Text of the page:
Last night's results from the Democrat primary in West Virginia (and yes I joked about that) gave a huge margin of victory to Senator Clinton over Senator Obama. But I almost spewed the crackers I was munching through my nose when I heard NBC's Tim Russert proclaim none could deny Sen. Clinton's "right" to stay in the race for the Democratic nomination:
"The magnitude of Senator Clinton's victory tonight will allow her tonight and tomorrow, the next day, to say to the Democrats and to say to Senator Obama's campaign: 'Let me finish this race. Let me take on these next five contests. … I have earned that right to continue to be a fighter.'"
It was days ago, after Sen. Obama won in North Carolina, that Russert said she should withdraw from the race immediately. Russert, like many political pundits, has bumbled this election from beginning to end. Of course, there are endless bursts of stupidity trailing the world o' campaigning.
For instance, also last night, noting the loss of another Republican seat in Congress from a special election, failed presidential candidate Mike Huckabee offered this nonsense:
"People ultimately don't buy the brand - they buy the cereal. … So what we've got to be able to do is to show that there are individuals out there that are worth supporting and worth electing. But they can't go out there and ride the elephant down Main Street."
Ah yes, the Cereal and the Elephant ... weren't they in Alice in Wonderland??
Something else I find surreal is the relentless and savage support some people have provided in the last few months for their choices of Super Candidate of All Time -- the daily humorless, shrill blogging for Candidate A or Candidate B, declaring all who oppose them are brutish thugs who expose their sexist or racist or some other -ist genetic code by daring to vote for the Wrong Candidate reveals to me a naivete' of politics.
I also marvel at the often illegal, unethical and incompetent campaign by Page Gardner and her Women's Voices, Women Vote organization which has been misleading voters across the country with bogus fears about being registered to vote. Facing South has been tracking this story with much skill, and also offered an interview with her in which she simply refused to answer questions about her group's often illegal, unethical and incompetent strategies to confuse women voters.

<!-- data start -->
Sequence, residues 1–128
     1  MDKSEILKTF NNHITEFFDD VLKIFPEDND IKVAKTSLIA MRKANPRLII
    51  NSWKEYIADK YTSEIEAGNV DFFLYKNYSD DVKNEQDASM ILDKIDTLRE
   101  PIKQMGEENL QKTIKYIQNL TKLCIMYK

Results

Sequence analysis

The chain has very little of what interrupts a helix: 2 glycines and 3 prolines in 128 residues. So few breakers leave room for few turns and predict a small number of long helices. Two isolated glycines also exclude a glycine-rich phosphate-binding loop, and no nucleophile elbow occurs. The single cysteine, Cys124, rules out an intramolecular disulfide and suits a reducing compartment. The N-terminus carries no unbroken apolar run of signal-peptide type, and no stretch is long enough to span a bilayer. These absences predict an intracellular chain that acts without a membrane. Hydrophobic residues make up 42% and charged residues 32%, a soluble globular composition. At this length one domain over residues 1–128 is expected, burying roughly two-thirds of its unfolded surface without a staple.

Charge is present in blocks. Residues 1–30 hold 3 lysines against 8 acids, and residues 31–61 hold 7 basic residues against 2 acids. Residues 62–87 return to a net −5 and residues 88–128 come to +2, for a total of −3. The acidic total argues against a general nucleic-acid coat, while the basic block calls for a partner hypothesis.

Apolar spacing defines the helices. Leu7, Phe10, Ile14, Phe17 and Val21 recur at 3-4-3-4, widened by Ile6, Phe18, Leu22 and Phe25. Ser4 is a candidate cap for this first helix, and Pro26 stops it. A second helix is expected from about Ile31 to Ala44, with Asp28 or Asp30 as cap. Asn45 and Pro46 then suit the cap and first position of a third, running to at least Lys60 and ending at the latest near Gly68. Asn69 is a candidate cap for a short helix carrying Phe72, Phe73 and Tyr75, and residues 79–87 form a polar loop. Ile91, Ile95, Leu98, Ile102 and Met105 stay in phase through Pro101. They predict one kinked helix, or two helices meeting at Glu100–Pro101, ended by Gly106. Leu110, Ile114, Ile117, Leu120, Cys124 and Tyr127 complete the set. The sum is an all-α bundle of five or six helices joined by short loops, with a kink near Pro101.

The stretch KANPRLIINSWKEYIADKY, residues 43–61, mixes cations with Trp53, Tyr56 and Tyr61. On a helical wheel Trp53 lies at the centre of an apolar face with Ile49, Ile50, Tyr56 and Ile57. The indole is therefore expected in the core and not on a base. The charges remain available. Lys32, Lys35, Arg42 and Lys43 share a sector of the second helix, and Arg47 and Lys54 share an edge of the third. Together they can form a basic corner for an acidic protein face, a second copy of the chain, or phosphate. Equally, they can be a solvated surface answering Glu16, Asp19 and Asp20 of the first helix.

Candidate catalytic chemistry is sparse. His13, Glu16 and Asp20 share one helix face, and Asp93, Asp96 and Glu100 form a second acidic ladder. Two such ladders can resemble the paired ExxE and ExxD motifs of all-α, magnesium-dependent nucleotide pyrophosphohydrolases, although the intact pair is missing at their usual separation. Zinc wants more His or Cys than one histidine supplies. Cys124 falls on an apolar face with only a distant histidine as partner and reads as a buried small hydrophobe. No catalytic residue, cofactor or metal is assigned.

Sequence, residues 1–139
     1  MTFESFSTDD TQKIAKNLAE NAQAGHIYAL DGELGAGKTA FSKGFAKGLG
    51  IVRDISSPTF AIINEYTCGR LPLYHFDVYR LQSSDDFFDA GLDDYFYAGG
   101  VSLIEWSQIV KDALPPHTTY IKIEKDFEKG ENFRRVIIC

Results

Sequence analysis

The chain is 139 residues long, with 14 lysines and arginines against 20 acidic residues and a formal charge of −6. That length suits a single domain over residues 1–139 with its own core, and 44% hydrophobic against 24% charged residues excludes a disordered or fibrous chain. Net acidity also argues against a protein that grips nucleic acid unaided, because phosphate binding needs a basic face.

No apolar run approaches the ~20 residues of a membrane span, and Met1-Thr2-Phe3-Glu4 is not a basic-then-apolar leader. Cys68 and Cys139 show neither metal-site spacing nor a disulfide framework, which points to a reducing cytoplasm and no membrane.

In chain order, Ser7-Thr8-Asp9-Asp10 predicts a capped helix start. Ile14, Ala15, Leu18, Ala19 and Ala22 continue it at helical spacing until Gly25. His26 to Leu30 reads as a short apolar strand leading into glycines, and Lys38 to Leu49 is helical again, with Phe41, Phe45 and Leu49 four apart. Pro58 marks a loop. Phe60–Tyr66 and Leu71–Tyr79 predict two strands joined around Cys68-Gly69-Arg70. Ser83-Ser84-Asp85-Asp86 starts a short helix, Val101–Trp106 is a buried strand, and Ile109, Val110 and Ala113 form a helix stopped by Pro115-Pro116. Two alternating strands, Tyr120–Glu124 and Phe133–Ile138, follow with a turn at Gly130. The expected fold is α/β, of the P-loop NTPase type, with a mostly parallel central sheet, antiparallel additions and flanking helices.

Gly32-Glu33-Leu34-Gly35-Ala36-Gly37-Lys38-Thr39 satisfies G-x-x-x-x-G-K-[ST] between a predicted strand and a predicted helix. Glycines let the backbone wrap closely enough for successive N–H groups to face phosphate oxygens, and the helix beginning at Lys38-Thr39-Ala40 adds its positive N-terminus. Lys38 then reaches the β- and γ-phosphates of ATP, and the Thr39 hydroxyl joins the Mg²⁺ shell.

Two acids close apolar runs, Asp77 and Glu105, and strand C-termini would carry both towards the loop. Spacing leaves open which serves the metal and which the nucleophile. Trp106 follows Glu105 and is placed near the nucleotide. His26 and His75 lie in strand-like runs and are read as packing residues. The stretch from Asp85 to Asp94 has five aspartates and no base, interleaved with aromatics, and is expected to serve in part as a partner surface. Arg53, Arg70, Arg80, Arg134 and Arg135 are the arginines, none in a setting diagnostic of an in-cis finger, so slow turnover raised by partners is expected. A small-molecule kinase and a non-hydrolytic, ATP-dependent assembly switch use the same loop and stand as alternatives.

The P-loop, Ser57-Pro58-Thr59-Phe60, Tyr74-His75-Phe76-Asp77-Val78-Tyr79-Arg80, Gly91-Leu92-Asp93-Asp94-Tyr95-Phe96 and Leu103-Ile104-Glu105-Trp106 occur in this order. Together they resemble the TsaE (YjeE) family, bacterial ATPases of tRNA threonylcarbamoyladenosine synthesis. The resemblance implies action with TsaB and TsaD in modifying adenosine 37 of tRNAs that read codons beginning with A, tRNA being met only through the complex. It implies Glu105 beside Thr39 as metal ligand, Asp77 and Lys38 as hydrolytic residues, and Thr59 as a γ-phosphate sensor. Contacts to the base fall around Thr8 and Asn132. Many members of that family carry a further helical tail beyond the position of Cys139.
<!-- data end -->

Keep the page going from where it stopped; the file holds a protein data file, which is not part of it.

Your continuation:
Likewise sad is BlabRadio's Rush Limbaugh, ever more irrelevant, proclaiming himself and his disciples The Deciders of the Campaign by urging his flock to cast votes for Sen. Clinton as part of something he calls Operation Chaos. I guess he rejected the name Operation Pay Attention To Me I'm Important!! He can only rally negativity, and is utterly impotent in rallying votes for the Republican Party he worships.
One wonders why so many Americans perceive the President of the United States should be our very own SuperDad (or SuperMom).
An interesting essay from Gene Healy from the Cato Institute called The Cult of the Presidency offers this:
"The chief executive of the United States is no longer a mere constitutional officer charged with faithful execution of the laws. He is a soul nourisher, a hope giver, a living American talisman against hurricanes, terrorism, economic downturns, and spiritual malaise. He—or she—is the one who answers the phone at 3 a.m. to keep our children safe from harm. The modern president is America’s shrink, a social worker, our very own national talk show host. He’s also the Supreme Warlord of the Earth.
"This messianic campaign rhetoric merely reflects what the office has evolved into after decades of public clamoring. The vision of the president as national guardian and spiritual redeemer is so ubiquitous it goes virtually unnoticed. Americans, left, right, and other, think of the “commander in chief” as a superhero, responsible for swooping to the rescue when danger strikes.
"In a 2002 study tracking word usage through two centuries of SOTUs and inaugural addresses, political scientist Elvin T. Lim noted that in the first decades under the Constitution presidents rarely mentioned poverty, and the word help did not even appear until 1859. Nor did early presidents subscribe to the modern notion that it’s all “about the children”; they rarely even mentioned the little buggers. But Lim found that “Presidents Carter, Reagan, Bush, and Clinton made 260 of the 508 references to children in the entire speech database, invoking the government’s responsibility to and concern for children in practically every public policy area.”
Perhaps the reason so many Americans haul the President onto the pedestal is so they don't have to take any responsibility for themselves and to also have a handy scapegoat to tar and feather when any and every aspect of American life turns sour.